Nice thing is if it poops, I can get a direct replacement from a home store, in stock.
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Old 05-03-2019, 01:12 PM   #10
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Doubt you will find an off the shelf boat / RV refrigerator as efficient as some of the high efficiency apartment refrigerators. Here is the route I took:

My New Apartment Refrigerator

Ted
I also went with a Summit apartment fridge; they have a huge selection of sizes, bought online with no hassle and free delivery. It seems very efficient, barely draws the house bank down overnight. And important to us, the freezer really freezes. Friends had a 12v fridge/freezer, and I would say the freezer just barely qualified as a very cold fridge. Maybe that was just their particular model, but we donít spend weeks on the hook, so I saw no reason to think about going that way.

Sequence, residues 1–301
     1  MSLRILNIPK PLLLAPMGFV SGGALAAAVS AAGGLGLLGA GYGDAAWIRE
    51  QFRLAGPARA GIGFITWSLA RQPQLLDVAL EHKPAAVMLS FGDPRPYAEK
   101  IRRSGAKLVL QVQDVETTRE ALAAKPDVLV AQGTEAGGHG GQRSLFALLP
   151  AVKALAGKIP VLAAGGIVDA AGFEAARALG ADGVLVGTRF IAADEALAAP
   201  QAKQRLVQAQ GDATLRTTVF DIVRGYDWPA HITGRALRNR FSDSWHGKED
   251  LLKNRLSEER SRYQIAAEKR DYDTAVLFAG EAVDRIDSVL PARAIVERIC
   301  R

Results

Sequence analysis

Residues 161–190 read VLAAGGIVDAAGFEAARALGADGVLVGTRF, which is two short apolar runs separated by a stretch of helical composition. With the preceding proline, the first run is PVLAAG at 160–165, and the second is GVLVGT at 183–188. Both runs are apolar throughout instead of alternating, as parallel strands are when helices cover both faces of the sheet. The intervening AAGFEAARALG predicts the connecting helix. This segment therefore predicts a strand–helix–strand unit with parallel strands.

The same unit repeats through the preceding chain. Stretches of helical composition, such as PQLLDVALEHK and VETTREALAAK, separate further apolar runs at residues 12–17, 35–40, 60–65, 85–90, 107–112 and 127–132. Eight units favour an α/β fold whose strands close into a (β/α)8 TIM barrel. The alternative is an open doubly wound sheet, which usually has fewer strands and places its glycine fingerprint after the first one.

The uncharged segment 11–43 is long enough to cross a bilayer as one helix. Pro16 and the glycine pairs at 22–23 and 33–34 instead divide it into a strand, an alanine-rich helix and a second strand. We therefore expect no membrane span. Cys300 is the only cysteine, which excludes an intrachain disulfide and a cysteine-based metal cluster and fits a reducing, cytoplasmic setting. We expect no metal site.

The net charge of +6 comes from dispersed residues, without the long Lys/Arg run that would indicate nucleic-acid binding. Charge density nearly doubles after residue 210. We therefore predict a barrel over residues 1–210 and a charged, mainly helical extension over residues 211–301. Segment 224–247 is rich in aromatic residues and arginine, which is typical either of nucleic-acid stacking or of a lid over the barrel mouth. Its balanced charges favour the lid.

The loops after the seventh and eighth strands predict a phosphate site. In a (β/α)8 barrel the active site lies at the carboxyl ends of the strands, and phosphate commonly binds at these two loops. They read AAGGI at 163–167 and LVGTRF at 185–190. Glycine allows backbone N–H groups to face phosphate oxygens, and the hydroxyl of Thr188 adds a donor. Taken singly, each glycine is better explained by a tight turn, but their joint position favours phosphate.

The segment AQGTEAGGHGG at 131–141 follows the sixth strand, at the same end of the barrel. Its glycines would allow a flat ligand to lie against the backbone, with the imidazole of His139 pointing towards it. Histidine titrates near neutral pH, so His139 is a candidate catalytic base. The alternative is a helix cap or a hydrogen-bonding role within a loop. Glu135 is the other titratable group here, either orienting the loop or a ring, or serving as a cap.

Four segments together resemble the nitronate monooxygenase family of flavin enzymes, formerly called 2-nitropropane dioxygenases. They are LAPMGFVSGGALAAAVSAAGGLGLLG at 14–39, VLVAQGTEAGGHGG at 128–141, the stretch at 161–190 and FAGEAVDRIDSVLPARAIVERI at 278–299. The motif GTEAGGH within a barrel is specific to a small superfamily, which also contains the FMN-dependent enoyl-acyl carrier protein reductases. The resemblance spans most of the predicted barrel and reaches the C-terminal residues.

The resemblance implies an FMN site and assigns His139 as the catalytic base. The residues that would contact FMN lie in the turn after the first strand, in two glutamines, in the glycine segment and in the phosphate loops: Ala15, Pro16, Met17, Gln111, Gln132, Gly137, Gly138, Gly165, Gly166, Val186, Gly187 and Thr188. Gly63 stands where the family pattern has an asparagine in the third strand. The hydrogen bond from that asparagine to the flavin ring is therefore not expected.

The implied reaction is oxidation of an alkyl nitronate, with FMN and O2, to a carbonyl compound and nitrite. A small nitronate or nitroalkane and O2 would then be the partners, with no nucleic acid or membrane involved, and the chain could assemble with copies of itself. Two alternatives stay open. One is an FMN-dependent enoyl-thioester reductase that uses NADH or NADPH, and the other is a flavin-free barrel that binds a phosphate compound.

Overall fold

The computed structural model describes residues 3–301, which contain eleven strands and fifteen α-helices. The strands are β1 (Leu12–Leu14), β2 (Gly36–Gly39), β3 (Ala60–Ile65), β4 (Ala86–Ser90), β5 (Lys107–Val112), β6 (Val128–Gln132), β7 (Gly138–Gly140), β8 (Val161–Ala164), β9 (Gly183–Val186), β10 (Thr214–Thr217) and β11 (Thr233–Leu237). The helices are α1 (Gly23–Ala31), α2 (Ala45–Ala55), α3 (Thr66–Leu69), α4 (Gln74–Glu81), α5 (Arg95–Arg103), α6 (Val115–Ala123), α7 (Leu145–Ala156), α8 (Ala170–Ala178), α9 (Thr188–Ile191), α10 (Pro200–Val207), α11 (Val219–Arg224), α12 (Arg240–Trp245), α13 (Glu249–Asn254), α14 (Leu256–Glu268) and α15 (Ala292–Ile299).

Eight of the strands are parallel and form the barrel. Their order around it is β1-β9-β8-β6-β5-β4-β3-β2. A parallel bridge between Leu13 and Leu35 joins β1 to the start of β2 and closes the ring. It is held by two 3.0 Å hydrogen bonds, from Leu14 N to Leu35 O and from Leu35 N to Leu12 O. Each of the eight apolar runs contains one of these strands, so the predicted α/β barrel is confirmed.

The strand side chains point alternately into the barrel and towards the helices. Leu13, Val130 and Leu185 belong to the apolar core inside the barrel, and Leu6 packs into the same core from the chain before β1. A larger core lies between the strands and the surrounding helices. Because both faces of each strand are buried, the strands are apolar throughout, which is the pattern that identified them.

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Old 05-03-2019, 01:14 PM   #11
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Quote:
Originally Posted by O C Diver View Post
Doubt you will find an off the shelf boat / RV refrigerator as efficient as some of the high efficiency apartment refrigerators. Here is the route I took:

My New Apartment Refrigerator

Ted
We are in the process of doing the exact same thing. After 3 Norcold replacements in 4 years, that run almost non-stop, Iím done with the expensive ďMarineĒ fridge.
We are putting in the same fridge that Ted used. And will run it off the inverter.
3 more cubic ft of refrigerator and some woodwork to make it fit, but in the long run I think we will use less power. And the summit fridge is about half the cost of another Norcold.
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Old 05-03-2019, 03:32 PM   #12
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Well, I think I know what I am going to do...ac only unit...thank you all for your input. Cliff
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Old 05-03-2019, 03:39 PM   #13
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If it helps...